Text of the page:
Tag Archives: Women-of-Color-owned business

Port of Seattle Business Accelerator Centers Women- and Minority-Owned Businesses

by Elizabeth Turnbull


As of last week, the Port of Seattle is encouraging business owners, particularly women and entrepreneurs of color and business owners in South King County, to apply to the PortGen Accelerator, a business development program aimed at helping small businesses work toward future contracting opportunities.

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For Two Women Small Business Owners, Ramadan Is a Moment to Remember Home

by Bunthay Cheam


“Freshly brewed green tea with cardamom that was poured in everyone’s cups while waiting for the call to prayer or the call to break fast — smelling cardamom is always soothing to me,” said Nasrin Noori, the founder and owner of Jazze’s, which serves organic and locally sourced Afghani cuisine, when asked what reminded her of Ramadan back home.

Noori, originally from Kabul, arrived in the Seattle area in the 1990s after having lived in Pakistan for six years. She has stayed ever since, raising her family in Kent where she now lives.

“Fresh seafood … fried fish and a porridge, there are certain items that you break fast with, something heating your tummy … you have it to open [you] up,” said Adama Jammeh, co-founder of Afella Jollof Catering. Jammeh grew up in Bakau, The Gambia, which sits near the confluence of the River Gambie and the Atlantic Ocean on the West African coast.

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Junebug’s Hallelu-jah! Sauce — a Resurrected Central District Favorite

by Beverly Aarons


“Finger-licking good!” Gail Thompson laughed as she described the first time she got a taste of Hallelu-jah! Sauce. She was eating hot and crispy chicken wings with the sauce drizzled on it. 

“It was so delicious,” she said. She rubbed the wings into the sauce. “I just could not get enough of it.”

 It was the mid-1990s in the Central District of Seattle. Her husband, Carl Thompson Jr., the owner of the now-closed southern Creole restaurant, Thompson’s Point of View, wanted to “distinguish [their] hot wings from everyone else’s in the community.”

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Black’Butta Co. Delivers Love-Kissed Sweets to Pandemic Weary Seattle

by Beverly Aarons


Winter is here. The long, dark days. The cold wind. The wet and freezing rain. And since this is 2020, we can probably add quite a bit of snow to that list. But just beneath the blanket of gray is a golden thread of sunshine — a Seattle cook, born and bred right in this city, hopes to bring a little warmth to the hearts and hearths of this beleaguered town. Veronica Very, the owner of Black’Butta Co., has always cooked but not in any official capacity before the pandemic. She was (and still is) a writer, the wife and business partner of visual artist Hiawatha D., and the founder of Women of Wonder, “a sacred space for Black women and girls.” But the pandemic forced her to get creative about her next business move.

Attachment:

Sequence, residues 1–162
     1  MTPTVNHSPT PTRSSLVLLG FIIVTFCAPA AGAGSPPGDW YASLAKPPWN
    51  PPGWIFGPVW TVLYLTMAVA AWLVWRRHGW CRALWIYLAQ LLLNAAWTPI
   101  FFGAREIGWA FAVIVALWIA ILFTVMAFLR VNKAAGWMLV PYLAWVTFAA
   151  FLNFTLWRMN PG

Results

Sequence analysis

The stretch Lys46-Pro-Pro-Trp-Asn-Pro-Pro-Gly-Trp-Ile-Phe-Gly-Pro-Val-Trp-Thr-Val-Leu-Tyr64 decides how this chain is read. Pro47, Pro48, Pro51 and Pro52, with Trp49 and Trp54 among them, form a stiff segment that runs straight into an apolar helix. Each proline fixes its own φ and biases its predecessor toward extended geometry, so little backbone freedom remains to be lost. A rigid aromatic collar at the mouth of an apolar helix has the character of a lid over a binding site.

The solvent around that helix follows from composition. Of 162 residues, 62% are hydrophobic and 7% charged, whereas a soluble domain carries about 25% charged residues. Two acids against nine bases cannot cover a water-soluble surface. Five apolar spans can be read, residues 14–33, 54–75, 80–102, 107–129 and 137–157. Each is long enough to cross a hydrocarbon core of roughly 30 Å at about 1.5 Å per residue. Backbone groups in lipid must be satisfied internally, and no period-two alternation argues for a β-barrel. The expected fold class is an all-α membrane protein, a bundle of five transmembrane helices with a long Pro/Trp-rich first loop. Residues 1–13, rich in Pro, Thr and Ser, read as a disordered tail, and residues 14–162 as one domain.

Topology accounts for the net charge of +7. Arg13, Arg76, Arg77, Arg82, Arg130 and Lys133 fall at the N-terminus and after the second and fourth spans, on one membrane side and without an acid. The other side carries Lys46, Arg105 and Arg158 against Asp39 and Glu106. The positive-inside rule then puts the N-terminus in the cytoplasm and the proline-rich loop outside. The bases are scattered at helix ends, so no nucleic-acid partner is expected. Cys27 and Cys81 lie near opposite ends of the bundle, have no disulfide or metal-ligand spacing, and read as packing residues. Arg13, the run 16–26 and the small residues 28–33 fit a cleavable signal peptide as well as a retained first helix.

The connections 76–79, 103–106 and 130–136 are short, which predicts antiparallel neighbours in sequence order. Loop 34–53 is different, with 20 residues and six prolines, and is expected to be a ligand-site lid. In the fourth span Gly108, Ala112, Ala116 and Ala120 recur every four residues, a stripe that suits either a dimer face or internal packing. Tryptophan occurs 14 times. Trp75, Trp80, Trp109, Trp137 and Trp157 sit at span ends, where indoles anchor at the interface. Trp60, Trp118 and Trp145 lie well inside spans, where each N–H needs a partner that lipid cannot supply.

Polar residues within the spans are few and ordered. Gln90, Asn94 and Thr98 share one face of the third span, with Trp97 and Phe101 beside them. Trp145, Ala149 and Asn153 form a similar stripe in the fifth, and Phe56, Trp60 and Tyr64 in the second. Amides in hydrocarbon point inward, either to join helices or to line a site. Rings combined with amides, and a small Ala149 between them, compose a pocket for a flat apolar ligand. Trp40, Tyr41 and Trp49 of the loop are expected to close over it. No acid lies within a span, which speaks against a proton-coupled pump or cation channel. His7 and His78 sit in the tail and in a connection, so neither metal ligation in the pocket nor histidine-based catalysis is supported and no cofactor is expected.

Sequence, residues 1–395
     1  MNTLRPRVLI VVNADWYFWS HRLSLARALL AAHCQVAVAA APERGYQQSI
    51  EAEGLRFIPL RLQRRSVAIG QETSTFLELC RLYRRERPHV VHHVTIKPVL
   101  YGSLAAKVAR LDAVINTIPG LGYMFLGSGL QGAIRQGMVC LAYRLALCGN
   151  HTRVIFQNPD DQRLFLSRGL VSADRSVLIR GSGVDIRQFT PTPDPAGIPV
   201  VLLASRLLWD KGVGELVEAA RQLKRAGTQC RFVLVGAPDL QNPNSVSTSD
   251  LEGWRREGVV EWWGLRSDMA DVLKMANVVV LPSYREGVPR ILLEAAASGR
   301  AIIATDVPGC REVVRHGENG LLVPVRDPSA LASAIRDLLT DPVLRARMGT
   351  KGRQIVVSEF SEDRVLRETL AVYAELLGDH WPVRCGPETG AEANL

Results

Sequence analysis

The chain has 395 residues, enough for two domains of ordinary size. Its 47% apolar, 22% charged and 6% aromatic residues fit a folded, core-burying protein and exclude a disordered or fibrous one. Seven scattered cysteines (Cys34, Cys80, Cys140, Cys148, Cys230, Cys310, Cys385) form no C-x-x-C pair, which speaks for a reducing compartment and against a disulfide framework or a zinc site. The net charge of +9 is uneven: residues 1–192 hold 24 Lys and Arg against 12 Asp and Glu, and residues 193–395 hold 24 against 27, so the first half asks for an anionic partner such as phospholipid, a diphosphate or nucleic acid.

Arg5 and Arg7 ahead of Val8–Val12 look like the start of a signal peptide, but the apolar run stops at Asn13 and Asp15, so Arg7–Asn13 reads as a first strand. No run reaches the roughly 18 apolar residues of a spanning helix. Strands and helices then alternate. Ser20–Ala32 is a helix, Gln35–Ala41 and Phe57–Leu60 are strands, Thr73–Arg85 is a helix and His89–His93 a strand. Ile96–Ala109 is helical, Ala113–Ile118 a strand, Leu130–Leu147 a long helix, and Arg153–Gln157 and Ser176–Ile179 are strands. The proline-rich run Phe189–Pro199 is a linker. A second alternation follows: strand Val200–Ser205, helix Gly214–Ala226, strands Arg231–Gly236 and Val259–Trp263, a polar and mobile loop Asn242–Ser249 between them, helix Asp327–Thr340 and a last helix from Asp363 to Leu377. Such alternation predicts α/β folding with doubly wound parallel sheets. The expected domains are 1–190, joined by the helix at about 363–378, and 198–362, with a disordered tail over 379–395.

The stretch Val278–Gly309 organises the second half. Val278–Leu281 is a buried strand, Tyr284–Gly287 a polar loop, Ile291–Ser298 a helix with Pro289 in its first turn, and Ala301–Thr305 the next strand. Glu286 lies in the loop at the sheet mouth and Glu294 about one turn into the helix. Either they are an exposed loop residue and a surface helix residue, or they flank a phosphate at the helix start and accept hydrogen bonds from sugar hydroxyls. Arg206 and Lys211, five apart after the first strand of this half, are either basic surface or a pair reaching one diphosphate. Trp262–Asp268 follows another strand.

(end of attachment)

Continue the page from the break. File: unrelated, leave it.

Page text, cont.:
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City Map and Resources Provide Easy Ways to Holiday Shop at Local Businesses

by Elizabeth Turnbull


As the days grow increasingly colder and winter rains are set to wash away the leaf-covered sidewalks, stores and businesses are preparing for a unique year of holiday shopping amid the pandemic. While many corporations have turned to e-commerce, small businesses are left to fight for visibility. 

In an effort to support local businesses through the pandemic and the holiday season, the City of Seattle and various partners launched the “Shop Your Block” retail map last month to make it easier to locate small businesses and shops owned by women, BIPOC, and LGBTQ+ individuals. 

The map, which lets users search for retailers in their area or via address and neighborhood, is a part of a larger campaign, created through a partnership between the City, Comcast, small businesses, and business district organizations, to help small business owners, who have been particularly affected by the economic repercussions of the pandemic.

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Cortona Cafe Will Close at the End of November, to Be Replaced by Melo Cafe

by Jack Russillo


When Isolynn “Ice” Dean, the owner of the Central District’s Cortona Cafe, made the decision to close her coffee shop, she wanted the space to continue to be a hub for the community even after she locks the doors for the final time on November 29.

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